If we do buy the argument that deterrence may somehow be buttressed if we develop low yield nuclear weapons, we need to think of the scenarios. The scenarios I have thought through seem to lend to us marginal benefit and tremendous political cost in going against the international norm against having nuclear weapons. Over 30 years ago, the United States signed the NPT to pursue nuclear disarmament. That established a global norm against nuclear weapons. In my view, it is time to live up to that norm; to consider developing nuclear weapons runs diametrically opposite to that norm. For that reason, I am strongly opposed to developing low yield nuclear weapons.

You also mentioned in your article, "Congressional Debate on Nuclear Weapons Policy," about the Spratt-Furse Low-Yield ban and how there was a compromise in allowing these kinds of weapons to be researched but not made. What kind of time frame do you foresee regarding the physical creation of these weapons, if at all, under the Bush Administration?

Well, talking about time frames, I do not think in 2004 we will see a movement on part of the administration to actually push toward development, for a number of reasons. One reason being we are still in the midst of the research phase of both the "robust nuclear earth penetrator" bunker buster weapons and the advanced concept low yield nuclear weapons. The administration still has not quite researched all its options yet. I think that will have to play out at least through next year. The main reason I think they are not going to move next year toward development is that the presidential election has not occurred yet, and they are hoping obviously to win the election in November 2004, and if President Bush does win that election, the victory would increase the likelihood of that happening. I think the Bush Administration might see that victory as some type of mandate for their national security policy, and they could use that over the next four years to start implementing a more robust nuclear agenda.

Since you are opposed to the creation of the nuclear bunker busters, taking the other side, if you had to choose one good argument by people who are for its creation, what would you select?

We might find ourselves in scenarios in the future in which we have very high confidence from our intelligence capabilities that a state like North Korea had hidden their nuclear weapons in a certain site, deeply buried and in a hardened target and we feel that it is an imminent threat. The country is getting close to actually employing those weapons, perhaps even have used one of those weapons against us. In such a scenario, I think having an option to be able to call upon a nuclear bunker busting weapon to destroy that hardened target could increase deterrence or in a case where deterrence has failed, it could limit the damage from their other weapons.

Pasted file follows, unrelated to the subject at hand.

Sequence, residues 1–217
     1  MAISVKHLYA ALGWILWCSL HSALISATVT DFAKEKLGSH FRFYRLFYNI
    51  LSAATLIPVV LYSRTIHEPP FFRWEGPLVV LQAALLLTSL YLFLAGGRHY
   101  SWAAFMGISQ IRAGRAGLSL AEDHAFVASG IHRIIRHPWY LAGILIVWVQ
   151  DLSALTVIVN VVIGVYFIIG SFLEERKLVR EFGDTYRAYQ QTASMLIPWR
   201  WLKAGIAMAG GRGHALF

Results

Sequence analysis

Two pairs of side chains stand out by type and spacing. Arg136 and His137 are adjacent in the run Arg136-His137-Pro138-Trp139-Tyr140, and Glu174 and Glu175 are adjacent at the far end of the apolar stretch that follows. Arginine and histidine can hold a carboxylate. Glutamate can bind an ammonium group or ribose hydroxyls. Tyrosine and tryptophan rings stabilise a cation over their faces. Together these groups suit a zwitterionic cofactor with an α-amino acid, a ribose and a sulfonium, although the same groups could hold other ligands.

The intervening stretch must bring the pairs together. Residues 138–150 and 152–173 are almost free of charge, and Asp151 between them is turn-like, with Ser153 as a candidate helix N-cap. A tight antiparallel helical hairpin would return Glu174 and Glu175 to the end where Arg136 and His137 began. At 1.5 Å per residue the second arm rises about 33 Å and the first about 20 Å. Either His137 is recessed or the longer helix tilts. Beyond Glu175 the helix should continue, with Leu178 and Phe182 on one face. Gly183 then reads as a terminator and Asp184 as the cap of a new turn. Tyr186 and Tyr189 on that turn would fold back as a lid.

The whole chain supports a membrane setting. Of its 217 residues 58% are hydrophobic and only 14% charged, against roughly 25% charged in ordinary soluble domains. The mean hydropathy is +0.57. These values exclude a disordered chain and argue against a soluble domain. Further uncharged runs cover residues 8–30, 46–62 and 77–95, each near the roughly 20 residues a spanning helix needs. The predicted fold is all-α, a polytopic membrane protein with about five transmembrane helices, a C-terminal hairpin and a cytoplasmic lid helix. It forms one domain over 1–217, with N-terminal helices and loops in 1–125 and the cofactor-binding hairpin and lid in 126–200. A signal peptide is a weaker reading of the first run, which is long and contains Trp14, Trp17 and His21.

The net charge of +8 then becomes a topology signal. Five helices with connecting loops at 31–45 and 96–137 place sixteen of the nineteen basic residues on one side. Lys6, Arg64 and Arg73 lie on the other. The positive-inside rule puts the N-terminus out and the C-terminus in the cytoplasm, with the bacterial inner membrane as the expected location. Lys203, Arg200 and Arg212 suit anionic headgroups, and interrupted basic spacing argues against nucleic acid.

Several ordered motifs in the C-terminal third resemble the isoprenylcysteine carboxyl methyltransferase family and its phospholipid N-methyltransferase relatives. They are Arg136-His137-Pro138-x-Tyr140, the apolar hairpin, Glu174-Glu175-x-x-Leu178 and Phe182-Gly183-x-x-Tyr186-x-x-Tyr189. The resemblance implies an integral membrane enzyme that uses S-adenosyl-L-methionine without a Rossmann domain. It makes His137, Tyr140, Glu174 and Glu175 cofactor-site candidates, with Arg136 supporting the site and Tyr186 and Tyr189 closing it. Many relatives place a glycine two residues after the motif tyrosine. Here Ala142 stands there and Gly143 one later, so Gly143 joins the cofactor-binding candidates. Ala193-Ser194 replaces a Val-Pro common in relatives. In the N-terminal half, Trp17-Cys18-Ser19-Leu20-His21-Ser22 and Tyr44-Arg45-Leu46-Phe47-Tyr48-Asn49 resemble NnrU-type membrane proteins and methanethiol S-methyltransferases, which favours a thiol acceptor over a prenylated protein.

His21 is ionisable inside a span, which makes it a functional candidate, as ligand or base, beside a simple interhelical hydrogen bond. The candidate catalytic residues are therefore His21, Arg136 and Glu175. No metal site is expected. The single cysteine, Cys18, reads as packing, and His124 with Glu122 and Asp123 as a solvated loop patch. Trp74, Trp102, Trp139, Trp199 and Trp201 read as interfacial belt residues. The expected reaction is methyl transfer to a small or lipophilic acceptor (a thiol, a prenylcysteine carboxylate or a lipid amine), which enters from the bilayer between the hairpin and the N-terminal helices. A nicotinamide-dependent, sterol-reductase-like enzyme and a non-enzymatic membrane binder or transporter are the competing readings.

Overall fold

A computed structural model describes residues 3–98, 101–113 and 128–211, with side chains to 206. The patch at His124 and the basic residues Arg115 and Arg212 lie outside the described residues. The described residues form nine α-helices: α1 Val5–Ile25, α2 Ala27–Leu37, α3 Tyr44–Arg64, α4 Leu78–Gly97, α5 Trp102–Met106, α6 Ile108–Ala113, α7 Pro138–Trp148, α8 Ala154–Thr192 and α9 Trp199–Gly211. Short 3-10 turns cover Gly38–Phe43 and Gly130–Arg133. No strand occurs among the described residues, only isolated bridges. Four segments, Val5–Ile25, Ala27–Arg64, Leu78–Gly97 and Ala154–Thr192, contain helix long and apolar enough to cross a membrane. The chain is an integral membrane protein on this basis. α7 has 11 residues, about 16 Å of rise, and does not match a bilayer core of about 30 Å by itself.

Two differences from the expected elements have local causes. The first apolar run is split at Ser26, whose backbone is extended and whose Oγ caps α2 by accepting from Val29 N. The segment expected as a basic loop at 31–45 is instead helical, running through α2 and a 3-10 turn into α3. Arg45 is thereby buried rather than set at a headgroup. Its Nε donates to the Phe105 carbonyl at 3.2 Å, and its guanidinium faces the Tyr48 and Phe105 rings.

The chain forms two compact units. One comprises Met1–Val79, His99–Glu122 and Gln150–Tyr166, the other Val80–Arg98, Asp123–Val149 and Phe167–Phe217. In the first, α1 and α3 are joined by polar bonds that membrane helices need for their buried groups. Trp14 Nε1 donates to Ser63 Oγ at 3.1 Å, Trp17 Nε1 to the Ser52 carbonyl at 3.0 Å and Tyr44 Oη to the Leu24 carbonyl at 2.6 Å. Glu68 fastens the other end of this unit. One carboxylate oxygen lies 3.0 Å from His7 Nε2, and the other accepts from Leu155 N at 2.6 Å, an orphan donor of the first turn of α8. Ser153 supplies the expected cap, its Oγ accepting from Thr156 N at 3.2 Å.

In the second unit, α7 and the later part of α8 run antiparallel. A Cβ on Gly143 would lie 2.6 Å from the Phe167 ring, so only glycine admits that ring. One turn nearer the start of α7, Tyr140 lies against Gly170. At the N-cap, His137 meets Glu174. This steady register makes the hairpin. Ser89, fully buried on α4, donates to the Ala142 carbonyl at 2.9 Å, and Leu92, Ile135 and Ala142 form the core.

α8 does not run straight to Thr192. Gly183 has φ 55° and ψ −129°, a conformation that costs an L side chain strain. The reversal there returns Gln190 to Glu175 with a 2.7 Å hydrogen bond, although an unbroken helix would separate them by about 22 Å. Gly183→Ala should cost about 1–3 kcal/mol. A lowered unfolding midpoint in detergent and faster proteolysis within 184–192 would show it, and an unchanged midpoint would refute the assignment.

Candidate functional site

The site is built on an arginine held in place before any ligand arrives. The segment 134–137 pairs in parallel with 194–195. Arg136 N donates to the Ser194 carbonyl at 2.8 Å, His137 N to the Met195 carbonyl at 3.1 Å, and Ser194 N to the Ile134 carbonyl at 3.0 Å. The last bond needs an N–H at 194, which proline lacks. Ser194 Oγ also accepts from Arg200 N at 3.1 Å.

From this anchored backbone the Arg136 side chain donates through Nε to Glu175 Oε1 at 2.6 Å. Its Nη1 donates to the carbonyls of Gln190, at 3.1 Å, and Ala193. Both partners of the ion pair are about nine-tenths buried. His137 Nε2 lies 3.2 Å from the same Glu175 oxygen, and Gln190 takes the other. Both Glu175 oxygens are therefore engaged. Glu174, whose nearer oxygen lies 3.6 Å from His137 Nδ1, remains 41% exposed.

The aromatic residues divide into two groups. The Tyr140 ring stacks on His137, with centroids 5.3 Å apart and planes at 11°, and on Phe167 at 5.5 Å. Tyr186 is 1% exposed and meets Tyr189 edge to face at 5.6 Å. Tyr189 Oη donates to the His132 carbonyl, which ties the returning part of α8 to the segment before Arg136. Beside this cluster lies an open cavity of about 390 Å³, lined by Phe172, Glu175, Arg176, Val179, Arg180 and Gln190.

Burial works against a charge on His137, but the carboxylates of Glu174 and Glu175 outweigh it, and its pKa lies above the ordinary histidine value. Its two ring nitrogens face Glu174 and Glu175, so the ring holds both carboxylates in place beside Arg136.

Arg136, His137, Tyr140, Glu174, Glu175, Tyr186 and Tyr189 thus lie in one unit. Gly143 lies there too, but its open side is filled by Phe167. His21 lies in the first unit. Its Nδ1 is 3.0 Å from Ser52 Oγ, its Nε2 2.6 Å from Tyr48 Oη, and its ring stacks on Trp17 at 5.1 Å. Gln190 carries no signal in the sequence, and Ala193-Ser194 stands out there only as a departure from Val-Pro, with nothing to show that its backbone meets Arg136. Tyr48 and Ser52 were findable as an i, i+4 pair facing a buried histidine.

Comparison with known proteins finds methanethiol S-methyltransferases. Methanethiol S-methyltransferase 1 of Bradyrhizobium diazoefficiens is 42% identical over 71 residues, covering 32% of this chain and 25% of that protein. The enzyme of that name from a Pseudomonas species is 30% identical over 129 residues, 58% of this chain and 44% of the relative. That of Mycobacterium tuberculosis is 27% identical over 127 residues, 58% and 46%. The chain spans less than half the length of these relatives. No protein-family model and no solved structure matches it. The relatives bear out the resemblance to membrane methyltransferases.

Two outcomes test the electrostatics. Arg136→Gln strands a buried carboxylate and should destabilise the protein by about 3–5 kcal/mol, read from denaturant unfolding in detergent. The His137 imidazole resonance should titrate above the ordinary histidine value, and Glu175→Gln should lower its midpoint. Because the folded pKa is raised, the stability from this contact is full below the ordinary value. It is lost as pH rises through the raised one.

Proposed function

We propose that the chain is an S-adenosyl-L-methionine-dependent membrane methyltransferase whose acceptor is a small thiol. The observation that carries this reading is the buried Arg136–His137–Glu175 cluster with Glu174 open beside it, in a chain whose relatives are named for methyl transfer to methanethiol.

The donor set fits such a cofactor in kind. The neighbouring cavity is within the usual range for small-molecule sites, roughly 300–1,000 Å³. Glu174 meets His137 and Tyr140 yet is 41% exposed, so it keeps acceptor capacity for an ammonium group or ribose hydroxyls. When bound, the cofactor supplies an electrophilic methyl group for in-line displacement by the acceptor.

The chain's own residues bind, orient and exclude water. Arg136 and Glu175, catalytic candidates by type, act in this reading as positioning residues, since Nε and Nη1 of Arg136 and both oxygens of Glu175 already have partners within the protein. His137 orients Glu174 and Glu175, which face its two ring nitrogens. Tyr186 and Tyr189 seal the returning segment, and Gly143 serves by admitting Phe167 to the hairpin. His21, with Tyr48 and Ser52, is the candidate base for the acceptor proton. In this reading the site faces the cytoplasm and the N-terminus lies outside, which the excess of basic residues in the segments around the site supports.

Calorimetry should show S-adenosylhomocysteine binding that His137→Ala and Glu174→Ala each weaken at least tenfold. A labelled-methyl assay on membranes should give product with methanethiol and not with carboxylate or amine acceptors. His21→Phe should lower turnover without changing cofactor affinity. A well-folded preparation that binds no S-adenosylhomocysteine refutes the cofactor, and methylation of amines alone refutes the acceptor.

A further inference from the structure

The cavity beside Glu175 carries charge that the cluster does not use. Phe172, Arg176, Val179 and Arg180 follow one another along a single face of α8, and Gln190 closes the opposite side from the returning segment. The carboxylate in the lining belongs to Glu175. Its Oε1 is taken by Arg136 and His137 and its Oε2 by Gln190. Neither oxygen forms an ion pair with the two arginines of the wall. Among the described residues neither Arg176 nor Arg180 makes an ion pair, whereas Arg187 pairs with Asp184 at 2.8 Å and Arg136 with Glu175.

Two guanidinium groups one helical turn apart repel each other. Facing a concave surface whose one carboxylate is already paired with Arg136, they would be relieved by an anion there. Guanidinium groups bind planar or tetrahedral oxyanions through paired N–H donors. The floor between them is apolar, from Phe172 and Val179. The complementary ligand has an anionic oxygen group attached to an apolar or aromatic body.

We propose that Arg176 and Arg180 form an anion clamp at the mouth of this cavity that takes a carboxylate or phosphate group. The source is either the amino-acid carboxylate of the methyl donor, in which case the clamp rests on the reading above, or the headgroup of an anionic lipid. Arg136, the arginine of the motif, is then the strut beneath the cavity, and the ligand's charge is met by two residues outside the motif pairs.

Notice I put a lot of caveats in this. We have to have a very high demanding intelligence to know where these weapons are; we have to be able to assess the bomb damage to ensure their destruction. I cannot rule out the possibility that having one of these bunker buster type weapons as an insurance policy could strengthen United States military force in such a scenario. Do we have such a weapon? Yes, we do. The B61-11 was modified in the mid 1990's. Maybe it could not destroy very deeply buried bunkers, but it is a relatively high yield weapon and the administration is looking at modifying the B-83, which is also a high yield weapon. However, these modifications can be done without nuclear testing. I think that is a compromise position. We can keep pursuing research and development of these robust nuclear earth penetrating programs just looking at current nuclear bombs in the US arsenal and trying to imagine how we could further modify them without nuclear testing to ensure that we have the capability of destroying deeply buried bunkers.

On the flip side of this question, what would you think is the greatest argument against the creation of nuclear bunker busters and low yield nuclear weapons?

The first reason is that the United States is a world leader and we should uphold the international norm against nuclear weapons. The second reason is that we out distance all of the other conventional militaries combined. If there is any nation that does not need nuclear bunker busters, it is the United States because we have a conventional military that far outclasses all the rest. That being the case, we do not want another country to turn to us and say if it is okay for the United States to develop these new nuclear weapons and they are so strong militarily in the conventional and the nuclear sense already, then why can we not develop? The third compelling reason against this is that time and time again we have seen intelligence failures. We have one of the best intelligence gathering agencies in the world, but still it is not perfect. We have seen these failures in Iraq and the search for Weapons of Mass Destruction (WMD); the inability to predict India's nuclear test in 1998, the third stage of the North Korean Taep'o-dong missile launched in August of 1998. There have been numerous other examples where we have been caught by surprise. What incredible hubris that we think we have the intelligence capabilities to be able to precisely identify where these bunkers are that contain WMD, and that we can destroy them without causing massive civilian collateral damage.

Do you believe in the non-proliferation of nuclear weapons, or do you think that the US should follow a policy of disarmament, continually decreasing our nuclear arsenal?

I am whole-heartedly for disarmament. I am not saying that tomorrow we should unilaterally disarm, but I think we need to seriously develop a practical workable plan for nuclear disarmament. I am not defining zero as two hundred, as some other groups have done; I really mean zero as zero.

Do you think that should be in done in conjunction with the other nuclear powers?

Absolutely it must be done in conjunction with the other nuclear powers. I do not think we really have a good plan for how we are going to get from here to that desirable goal and that is one of the things that I want to keep working on and I think we need other people to think really hard on how to do that.

Submitted by: Matt Merker, Susquehanna University, 2003 Fall Intern